I read all the comments on here and I think that there are too many people who are seating in judgement of these parents and their families. Instead of judging them and calling them names try and see things from their perspective, if only for a moment, and try and understand where they are comming from. Now I am not saying that they are feeding their children good food, because they are obviously not. But they are not child abusers either! Child abuse is what some peolpe here suggested, I think, like slapping and spanking and shouting at children and/or starving them into eating what is on their plate or forcing them to eat against their will. I have no children of my own, as yet, but have worked with and looked after kids of various ages for over twelve years, and have never had to resort to any of these suggested tactics. To get them to do anything! I always managed to get them to eat and do other things by getting them to want to do it, and so enjoying it in the process. Spanking and slapping only makes children afraid, and hurts them physically and emotionally, it teaches them nothing, except fear! The parent who said, in a comment below that they slapped their boys only once to make them respect him/her, only got that result because those boys did not want to be slapped again, not because they suddenly got respect for their slapping parent. Starving children into eating, is neglect, kids shouldn't, must not, go without food for a day or two, just because they won't eat what has been put in front of them. And yes! It going without food for more than the time between meals DOES hurt them health wise! And don't let anyone tell you any different! Forcing kids to eat would only lead to the opposite reaction, and make food and eating a negative and frightening experiencing experience instead of being a fun, tasty and enjoyable one, as it should be. Shouting at kids or letting them scream their hearts out damages them emotionally and hurts their feelings more than you know. Children are a lot smarter and capable of understanding a lot more than some people here are suggesting, and far from being primitive, their minds are very perceptive and adaptable. There are always ways to get children to eat, and one of the best ways is to make it interesting, like the parents of Michael are thought to do. Eating should be enjoyable and pleasant, children should love meal times, but some of the things suggested in a number of posts below would turn it into a punishment and that should never be the case.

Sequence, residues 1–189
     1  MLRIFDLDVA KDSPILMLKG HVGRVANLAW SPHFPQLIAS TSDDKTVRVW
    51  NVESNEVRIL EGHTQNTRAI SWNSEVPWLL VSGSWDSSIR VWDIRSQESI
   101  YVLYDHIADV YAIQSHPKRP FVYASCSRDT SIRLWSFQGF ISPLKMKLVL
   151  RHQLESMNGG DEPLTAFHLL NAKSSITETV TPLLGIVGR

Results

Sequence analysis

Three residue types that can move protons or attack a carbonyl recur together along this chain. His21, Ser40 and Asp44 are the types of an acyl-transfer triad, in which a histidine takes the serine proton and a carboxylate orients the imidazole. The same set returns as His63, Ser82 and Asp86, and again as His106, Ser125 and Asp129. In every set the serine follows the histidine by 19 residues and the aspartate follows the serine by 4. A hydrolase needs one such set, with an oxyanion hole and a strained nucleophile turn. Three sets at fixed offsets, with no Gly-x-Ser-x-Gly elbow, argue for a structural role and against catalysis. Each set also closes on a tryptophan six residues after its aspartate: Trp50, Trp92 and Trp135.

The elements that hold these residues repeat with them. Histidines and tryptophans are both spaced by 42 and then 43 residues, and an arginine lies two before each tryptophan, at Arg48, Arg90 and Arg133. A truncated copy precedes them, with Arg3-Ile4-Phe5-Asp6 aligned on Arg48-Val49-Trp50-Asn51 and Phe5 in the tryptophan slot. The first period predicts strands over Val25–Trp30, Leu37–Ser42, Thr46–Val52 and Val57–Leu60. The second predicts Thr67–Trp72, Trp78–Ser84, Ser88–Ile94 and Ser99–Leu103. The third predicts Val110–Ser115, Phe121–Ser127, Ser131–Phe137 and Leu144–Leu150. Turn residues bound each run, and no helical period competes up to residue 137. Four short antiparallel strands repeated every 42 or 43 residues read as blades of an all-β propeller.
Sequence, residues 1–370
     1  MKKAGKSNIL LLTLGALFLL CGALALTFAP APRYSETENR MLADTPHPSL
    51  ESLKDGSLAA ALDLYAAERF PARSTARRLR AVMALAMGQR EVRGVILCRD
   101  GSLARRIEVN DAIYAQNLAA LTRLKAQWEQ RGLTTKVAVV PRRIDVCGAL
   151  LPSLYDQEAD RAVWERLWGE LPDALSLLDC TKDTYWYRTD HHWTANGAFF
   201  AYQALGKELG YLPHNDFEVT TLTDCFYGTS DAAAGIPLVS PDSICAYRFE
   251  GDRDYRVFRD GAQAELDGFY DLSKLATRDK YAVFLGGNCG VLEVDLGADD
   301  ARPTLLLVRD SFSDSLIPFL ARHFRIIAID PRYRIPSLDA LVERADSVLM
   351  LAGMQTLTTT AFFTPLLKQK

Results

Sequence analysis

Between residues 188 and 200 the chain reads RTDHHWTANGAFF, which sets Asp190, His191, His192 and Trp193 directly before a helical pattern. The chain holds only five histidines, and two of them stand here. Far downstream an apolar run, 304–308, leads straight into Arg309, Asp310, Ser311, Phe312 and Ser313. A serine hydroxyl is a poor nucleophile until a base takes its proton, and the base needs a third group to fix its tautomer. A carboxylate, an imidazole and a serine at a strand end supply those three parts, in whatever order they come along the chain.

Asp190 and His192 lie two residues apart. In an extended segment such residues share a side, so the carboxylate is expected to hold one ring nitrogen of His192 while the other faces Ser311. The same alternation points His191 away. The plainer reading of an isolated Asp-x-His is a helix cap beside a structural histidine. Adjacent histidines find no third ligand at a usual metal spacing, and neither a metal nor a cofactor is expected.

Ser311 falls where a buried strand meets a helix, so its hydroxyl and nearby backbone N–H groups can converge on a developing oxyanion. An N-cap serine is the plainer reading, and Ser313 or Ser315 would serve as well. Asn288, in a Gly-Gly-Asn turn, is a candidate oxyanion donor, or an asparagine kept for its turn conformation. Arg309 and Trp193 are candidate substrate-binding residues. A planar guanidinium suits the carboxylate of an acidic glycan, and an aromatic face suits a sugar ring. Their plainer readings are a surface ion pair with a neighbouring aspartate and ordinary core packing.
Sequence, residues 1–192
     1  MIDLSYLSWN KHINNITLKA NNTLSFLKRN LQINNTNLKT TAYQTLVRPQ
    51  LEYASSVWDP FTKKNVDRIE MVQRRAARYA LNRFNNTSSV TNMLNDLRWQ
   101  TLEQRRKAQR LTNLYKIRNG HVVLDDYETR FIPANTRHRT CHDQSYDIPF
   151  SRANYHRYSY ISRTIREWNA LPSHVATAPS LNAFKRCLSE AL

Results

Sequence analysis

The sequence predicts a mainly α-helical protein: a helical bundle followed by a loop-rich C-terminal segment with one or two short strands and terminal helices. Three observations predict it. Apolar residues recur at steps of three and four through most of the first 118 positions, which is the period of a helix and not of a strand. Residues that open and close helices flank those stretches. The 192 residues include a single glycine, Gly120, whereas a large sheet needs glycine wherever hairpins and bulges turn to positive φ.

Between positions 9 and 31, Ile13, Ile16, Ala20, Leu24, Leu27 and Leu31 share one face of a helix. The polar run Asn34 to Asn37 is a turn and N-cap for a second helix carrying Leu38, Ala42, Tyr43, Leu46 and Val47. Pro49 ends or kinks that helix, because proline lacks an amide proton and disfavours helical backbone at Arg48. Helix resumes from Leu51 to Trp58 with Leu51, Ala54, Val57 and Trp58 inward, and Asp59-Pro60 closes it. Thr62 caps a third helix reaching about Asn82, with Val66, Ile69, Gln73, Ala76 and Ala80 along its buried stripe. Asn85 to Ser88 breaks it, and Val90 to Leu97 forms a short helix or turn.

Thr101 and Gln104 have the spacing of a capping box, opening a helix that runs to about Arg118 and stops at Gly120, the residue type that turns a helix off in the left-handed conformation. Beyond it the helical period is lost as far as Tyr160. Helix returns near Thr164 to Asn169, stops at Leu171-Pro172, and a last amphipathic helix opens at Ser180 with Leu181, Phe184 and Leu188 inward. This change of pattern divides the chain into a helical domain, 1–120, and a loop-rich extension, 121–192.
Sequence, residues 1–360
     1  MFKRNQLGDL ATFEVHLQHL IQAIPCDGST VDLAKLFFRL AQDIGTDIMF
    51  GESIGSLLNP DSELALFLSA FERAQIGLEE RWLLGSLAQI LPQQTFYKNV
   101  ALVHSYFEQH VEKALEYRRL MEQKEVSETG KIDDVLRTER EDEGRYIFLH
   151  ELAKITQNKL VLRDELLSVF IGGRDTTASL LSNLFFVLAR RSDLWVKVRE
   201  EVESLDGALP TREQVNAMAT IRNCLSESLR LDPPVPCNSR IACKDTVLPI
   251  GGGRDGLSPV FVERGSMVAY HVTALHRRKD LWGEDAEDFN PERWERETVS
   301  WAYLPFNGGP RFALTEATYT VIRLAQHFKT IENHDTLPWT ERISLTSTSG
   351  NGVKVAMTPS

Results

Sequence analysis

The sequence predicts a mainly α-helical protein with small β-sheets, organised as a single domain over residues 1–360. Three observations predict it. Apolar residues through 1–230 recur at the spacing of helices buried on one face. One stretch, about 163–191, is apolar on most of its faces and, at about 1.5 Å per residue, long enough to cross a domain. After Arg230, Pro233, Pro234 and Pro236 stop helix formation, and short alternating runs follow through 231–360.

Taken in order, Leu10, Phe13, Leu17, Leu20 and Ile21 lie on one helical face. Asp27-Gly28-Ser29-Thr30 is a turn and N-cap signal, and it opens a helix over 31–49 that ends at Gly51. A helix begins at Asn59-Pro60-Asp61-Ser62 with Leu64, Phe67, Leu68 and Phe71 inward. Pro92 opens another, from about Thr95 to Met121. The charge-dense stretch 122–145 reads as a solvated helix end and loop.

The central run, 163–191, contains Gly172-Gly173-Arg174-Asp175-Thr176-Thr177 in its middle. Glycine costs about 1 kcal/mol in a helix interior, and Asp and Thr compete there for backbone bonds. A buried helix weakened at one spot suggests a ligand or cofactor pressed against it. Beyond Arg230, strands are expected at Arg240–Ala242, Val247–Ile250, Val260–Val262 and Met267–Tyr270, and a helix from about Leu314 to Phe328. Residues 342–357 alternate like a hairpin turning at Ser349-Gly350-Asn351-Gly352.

I agree, it is scary that a tot, Cuba, drinks six cans of pop a day and the other one, Michael, won't eat anything but junk and the teenaged mom's son (forgot his name) eats as bad as him mom, herself a child. But that is what the doc is about! Each one of them getting the help that they need. I make no excuses for the parents, either, one too young to be a mom in the first place and needing to learn a lot herself before having become a mom, the others afraid to say no to Michael because of his bout with meningitis (my parents went through the same with me, by the way, after I had an acutely severe concussion at the age of four and came close to dying.) and Cuba's parents who are afraid to make a mess in the kitchen and the dad who is a junk food addict himself, but I allow them the benefit of the doubt. We are all human, and no one, and I mean NO ONE, is perfect. I do find it atrocious that children are eating all this junk, and it does make me very concerned what it does to their young, growing bodies and that they get more addicted to it all more every year, childhood obesity is an acute problem which needs a good remedy. But let us not forget that there is advertising to children allover the place, of foods so chocked full of sugar, fat, chemicals and other inedible food like substances, which undermines parents and fills children's heads with these bright cartoon clad no-foods, and younger kids follow the example of older siblings, like Cuba and his older sisters. In the case of the teenaged mom, we must take into account her financial circumstances, as well. Fastfood is cheap, fruit and veg are not.